• If personal data is transferred to a third country, the safeguards in place to keep it safe

In most cases, the above information will be the same for all requesters and need not be personalized.

Two more things to keep in mind when responding to a DSAR. First, the controller must verify the requester’s identity in order to protect their personal data. Most commonly this is done through an email confirmation, but if the personal data is particularly sensitive or the controller has reasonable doubts about the requestor’s identity, it may be appropriate to require further proof of identity. Second, the controller has one calendar month to respond to the request. This may be extended by two further months when necessary, but the controller must tell the requester of this extension within the first month and explain why it needs more time.

Controllers & Processors: Who Must Respond to a DSAR?

As a general rule, it is solely the controller’s responsibility to respond to a DSAR, while the processor has an obligation to assist the controller by providing any relevant data. If a data subject makes an access request directly to a processor, the processor at a minimum must inform the requester that they cannot respond to the DSAR and direct them to the controller. However there may be cases where, depending on the contractual arrangements between controller and processor, the processor is obligated to respond in other ways, including responding directly to the request.

Narrowing the Search

It is often the case that a requester’s personal data is scattered across numerous vendors and consists primarily of contact information that is likely of little interest to the requester. It is permissible to contact a requester and ask them if there is any particular personal data they are looking for. If the requester confirms that they are only seeking a specific set of personal data (e.g., a history of their purchases), the controller may narrow its search and provide only that information. It’s important to remember, however, that the requester has the right to access all of their personal data. If they don’t respond to the query or they indicate they would like a copy of everything, the controller must provide the full set of personal data.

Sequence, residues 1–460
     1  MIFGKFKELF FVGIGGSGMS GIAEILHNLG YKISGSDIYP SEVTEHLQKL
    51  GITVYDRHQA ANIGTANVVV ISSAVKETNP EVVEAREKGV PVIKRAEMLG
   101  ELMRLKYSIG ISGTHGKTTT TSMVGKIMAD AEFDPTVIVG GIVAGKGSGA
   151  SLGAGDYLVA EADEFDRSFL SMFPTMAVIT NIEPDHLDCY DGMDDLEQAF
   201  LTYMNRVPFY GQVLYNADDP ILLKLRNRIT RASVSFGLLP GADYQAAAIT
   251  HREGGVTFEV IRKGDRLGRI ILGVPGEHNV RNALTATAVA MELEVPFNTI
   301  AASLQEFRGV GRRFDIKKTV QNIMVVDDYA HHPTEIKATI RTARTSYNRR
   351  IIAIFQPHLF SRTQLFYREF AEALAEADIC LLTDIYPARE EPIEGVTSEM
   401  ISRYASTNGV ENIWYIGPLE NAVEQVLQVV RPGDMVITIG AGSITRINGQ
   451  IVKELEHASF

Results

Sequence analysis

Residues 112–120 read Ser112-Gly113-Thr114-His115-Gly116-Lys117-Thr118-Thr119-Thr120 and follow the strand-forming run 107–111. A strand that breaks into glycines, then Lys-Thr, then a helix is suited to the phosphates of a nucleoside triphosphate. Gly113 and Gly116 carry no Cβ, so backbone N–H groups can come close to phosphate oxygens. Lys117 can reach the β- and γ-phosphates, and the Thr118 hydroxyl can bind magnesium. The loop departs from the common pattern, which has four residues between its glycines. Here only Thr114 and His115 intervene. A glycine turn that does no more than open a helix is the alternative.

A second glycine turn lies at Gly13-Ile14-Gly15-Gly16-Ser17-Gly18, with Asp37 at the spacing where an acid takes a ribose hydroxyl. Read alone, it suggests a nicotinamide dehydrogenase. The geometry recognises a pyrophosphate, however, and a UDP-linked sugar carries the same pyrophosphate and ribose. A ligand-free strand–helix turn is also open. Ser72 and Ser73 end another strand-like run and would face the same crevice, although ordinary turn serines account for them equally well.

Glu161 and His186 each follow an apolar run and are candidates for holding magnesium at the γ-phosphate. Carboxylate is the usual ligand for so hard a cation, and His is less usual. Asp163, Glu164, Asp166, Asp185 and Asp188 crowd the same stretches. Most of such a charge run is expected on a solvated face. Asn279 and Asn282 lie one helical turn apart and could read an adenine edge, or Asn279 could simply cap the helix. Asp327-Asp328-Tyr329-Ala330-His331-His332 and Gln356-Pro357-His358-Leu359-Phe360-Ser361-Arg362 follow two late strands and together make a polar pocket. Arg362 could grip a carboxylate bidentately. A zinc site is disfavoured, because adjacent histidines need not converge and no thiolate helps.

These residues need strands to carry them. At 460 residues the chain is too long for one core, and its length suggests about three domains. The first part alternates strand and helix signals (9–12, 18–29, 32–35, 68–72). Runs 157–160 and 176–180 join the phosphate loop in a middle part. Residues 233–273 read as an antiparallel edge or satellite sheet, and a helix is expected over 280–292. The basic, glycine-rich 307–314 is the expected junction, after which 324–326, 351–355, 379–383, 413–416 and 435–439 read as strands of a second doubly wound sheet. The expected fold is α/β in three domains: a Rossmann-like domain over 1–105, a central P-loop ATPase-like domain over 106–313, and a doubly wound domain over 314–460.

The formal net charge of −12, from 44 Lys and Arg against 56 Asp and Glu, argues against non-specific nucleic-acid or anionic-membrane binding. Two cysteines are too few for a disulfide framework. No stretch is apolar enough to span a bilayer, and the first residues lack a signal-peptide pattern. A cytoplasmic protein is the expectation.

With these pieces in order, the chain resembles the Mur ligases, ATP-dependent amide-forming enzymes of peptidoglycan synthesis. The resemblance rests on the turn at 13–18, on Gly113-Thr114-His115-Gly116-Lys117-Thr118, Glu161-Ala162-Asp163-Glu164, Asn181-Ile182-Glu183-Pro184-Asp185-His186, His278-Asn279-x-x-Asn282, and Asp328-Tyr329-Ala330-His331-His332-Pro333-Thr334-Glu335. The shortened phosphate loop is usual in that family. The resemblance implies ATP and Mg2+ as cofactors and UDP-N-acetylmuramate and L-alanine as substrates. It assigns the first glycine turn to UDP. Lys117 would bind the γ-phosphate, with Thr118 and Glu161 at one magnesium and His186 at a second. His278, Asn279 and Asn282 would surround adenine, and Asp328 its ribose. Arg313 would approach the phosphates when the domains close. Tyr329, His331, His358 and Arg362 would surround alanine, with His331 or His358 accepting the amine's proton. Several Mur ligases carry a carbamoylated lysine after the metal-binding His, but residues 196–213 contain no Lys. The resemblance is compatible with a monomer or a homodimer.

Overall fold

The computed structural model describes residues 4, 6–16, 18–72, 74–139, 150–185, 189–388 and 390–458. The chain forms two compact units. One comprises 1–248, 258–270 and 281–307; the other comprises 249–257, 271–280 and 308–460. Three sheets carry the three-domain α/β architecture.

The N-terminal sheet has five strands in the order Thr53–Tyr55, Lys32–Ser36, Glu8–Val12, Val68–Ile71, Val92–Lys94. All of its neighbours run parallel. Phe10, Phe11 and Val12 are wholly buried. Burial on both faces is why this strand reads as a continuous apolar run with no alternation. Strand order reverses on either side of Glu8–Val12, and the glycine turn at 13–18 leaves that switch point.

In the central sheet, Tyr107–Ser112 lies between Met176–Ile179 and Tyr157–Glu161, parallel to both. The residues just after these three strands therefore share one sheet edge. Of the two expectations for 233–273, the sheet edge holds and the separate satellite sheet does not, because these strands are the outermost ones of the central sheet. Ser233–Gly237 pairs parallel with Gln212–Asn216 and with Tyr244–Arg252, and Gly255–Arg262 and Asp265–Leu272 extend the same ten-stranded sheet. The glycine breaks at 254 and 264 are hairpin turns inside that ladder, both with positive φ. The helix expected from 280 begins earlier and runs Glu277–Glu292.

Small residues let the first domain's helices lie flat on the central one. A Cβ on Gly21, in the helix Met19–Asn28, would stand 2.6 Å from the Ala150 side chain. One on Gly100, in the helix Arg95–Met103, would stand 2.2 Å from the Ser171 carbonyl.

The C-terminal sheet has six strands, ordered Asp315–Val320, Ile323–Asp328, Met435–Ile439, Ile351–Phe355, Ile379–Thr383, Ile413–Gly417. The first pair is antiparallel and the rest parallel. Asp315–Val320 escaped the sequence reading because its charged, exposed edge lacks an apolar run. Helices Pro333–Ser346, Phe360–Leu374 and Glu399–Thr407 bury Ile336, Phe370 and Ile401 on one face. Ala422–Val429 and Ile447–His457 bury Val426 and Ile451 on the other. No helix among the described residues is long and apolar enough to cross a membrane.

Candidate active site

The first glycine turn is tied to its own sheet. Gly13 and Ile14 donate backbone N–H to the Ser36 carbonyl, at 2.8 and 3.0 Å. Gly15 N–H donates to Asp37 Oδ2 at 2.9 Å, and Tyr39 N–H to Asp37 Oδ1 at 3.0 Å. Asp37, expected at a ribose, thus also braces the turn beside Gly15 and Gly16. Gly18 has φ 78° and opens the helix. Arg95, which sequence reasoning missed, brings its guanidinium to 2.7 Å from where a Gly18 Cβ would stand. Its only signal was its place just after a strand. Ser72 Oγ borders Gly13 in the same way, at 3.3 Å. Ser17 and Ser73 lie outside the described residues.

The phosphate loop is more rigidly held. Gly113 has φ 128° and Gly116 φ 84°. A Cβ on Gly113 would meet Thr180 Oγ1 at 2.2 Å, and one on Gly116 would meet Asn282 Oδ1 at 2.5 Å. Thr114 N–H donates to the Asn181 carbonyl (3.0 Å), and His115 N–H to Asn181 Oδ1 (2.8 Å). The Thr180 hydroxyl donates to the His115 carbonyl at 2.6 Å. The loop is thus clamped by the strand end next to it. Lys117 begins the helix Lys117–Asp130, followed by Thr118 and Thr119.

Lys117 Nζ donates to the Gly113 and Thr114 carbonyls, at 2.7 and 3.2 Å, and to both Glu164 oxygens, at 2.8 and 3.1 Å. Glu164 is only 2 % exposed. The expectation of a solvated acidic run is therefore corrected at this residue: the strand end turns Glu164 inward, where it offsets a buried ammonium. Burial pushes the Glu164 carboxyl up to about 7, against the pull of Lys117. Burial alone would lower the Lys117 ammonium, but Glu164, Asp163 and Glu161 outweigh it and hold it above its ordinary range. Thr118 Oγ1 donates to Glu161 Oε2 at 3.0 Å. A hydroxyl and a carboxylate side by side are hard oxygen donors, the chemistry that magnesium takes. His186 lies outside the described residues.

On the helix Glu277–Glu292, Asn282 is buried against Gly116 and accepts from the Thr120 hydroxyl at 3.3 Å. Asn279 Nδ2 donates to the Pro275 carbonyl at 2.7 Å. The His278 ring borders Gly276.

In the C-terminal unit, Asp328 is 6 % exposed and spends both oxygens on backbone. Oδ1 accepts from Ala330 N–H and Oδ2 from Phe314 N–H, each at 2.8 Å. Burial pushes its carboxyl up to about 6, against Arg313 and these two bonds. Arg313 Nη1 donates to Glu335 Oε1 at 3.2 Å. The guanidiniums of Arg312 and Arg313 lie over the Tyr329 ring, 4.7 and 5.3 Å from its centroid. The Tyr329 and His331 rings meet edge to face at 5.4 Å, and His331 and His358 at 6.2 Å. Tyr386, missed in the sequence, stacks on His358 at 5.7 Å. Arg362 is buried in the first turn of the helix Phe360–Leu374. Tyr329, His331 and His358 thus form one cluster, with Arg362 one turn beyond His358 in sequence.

Automated GDPR Request Workflows

GDPR compliance can’t be accomplished by simply posting a privacy notice and forgetting about it—it requires an ongoing effort to stay up-to-date and respond to privacy requests such as DSARs. For larger organizations, this means either hiring full-time privacy personnel or retaining a specialist law firm, but these options may not be practical or even possible for small and medium-sized businesses.

TrueVault Polaris gives SMBs the advantage of in-house expertise without the expense. Not only does Polaris guide you step-by-step through the process of becoming GDPR compliant, it includes important tools like automated workflows for DSARs to help your business stay compliant with minimal effort. Contact us today to learn more.